To summarize, here are the bottom-line guiding suggestions for Coach Morrison and all others who have a say in the hiring decision of his successor:

  1. Ensure the coach is proven to boost and maintain high morale on the team, within all facets of the game, from game-time celebrations to sufficiently-stylish uniforms (the latter of which is already headed in the right direction, and good on Coach Morrison for this).  Can he light a fire under the team and keep it lit all season-long?
  2. Ensure the coach is both imaginative and flexible.  Is he willing to change offensive strategies mid-season if that’s what it takes to win games?  Is he willing to think creatively in what that new offensive strategy might entail?
  3. Does the coach have the necessary tunnel vision to withstand or brush aside blowback and keep his, and the team’s, eyes on the proverbial prize?
  4. Gauge the level of the coach’s energy.  He will need maximum energy to campaign as if he is running for political office so as to maximize the team’s turnout.  Once hired, guide him on all possible opportunities in the community to spread his message and thus his vision.
  5. How good is the coach at changing organizational cultures?  More than anything, this could help him build a lasting legacy of program success.  Can he cite examples he knows of regarding what other coaches have done to convert losing cultures into winning ones (see:  Barry Alvarez at Wisconsin).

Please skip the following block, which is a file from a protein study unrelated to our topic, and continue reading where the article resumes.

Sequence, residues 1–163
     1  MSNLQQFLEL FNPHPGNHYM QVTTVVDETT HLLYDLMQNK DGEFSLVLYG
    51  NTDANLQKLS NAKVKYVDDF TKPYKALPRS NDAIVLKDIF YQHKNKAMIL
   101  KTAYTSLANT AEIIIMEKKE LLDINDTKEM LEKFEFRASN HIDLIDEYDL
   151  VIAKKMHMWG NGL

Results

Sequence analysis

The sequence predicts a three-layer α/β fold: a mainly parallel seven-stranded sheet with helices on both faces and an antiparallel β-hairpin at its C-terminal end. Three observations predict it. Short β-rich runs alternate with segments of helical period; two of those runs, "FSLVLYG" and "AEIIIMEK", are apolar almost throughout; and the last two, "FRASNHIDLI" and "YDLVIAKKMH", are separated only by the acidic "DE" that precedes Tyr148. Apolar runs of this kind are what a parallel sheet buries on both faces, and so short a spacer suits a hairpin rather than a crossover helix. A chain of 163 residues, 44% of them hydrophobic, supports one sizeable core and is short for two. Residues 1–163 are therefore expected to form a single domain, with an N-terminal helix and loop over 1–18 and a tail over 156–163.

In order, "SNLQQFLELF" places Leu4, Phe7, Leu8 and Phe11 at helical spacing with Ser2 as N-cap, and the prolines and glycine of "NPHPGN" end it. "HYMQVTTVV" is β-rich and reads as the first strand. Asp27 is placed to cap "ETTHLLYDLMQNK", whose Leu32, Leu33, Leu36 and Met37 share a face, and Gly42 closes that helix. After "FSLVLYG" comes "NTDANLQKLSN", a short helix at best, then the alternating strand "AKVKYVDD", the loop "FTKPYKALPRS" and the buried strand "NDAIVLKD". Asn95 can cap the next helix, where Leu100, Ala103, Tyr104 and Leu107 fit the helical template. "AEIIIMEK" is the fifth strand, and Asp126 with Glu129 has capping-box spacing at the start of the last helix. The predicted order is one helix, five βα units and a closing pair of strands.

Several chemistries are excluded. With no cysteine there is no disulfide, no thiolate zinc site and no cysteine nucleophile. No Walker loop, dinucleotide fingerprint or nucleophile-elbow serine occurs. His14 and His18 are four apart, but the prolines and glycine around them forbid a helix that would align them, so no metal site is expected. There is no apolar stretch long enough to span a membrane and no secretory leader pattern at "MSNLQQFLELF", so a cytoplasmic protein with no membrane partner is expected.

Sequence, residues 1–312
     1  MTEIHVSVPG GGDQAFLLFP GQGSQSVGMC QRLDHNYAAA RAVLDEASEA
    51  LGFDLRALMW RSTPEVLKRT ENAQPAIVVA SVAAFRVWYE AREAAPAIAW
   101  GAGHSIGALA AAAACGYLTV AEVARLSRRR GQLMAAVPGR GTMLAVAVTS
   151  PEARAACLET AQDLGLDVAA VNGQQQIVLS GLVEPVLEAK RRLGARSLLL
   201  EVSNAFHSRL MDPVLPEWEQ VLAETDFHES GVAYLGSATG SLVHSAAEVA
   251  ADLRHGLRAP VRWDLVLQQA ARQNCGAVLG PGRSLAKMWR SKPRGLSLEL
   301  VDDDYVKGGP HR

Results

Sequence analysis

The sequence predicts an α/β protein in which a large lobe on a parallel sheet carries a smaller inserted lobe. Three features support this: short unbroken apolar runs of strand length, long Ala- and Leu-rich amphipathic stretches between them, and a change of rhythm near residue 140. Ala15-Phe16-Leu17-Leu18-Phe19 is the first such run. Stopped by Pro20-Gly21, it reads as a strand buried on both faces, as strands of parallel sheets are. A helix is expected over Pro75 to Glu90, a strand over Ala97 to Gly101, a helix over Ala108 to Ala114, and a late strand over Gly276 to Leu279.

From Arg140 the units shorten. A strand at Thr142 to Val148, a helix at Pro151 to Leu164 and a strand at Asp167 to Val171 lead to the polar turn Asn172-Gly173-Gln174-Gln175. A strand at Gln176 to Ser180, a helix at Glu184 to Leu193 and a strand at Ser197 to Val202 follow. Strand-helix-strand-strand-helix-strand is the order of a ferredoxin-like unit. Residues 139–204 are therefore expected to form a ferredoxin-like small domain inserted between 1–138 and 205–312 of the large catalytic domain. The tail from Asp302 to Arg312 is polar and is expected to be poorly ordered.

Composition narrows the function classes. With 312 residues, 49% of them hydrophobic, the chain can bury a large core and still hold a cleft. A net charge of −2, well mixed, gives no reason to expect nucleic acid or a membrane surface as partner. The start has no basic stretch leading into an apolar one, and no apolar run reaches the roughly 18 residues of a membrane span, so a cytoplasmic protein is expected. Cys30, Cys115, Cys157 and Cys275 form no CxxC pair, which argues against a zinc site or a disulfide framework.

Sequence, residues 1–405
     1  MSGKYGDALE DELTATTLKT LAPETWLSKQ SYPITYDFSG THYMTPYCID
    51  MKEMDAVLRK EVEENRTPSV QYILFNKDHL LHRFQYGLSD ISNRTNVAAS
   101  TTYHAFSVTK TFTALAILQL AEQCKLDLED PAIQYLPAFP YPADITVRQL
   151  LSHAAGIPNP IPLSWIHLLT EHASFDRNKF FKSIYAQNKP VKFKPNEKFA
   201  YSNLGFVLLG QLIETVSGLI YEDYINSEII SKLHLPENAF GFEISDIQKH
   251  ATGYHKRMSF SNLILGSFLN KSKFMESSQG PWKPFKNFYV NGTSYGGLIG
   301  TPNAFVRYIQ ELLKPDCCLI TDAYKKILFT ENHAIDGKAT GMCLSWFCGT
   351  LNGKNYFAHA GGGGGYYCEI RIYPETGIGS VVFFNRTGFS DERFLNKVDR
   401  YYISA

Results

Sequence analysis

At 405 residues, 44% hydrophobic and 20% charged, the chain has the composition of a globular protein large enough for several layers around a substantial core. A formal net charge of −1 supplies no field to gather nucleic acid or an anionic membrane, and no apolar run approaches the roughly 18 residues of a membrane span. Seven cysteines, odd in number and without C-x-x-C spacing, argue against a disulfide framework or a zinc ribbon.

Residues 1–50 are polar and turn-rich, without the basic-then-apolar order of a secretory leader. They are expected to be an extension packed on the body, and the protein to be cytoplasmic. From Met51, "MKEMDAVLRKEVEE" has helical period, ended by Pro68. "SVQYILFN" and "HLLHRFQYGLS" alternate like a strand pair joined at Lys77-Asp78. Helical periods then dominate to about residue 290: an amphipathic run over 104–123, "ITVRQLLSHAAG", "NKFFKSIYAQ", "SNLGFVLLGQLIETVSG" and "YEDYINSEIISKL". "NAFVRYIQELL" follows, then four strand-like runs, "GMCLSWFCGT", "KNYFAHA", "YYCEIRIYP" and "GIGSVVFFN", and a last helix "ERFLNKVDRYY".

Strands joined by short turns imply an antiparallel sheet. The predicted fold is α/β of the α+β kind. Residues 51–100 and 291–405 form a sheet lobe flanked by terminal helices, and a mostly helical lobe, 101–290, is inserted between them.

6. Lastly, are you and the powers that be willing to do your parts in creating the environment the head coach needs to succeed in his mission?

Does this all sound like a tall order?  Initially, yes.  But the further one implements this list, the more doable it shall appear.  All of this is necessary to overcome the systemic challenges that Madison football faces.  If the hiring committee is not committed to the last point, then then they will fail in passing muster with the previous five points, for it shall prevent the attraction of the uniquely dynamic coach you need to properly build on what Coach Morrison has already put in place.  Either you are committed to doing what it takes to bring in this sort of head coach, or you’ll end up settling for some guy who seems nice enough and enjoy being a whipping boy of the HHC on a weekly basis in the fall.  The choice is yours.  Let’s choose to build on Coach Morrison’s supportive legacy and do what it takes to create a wining culture.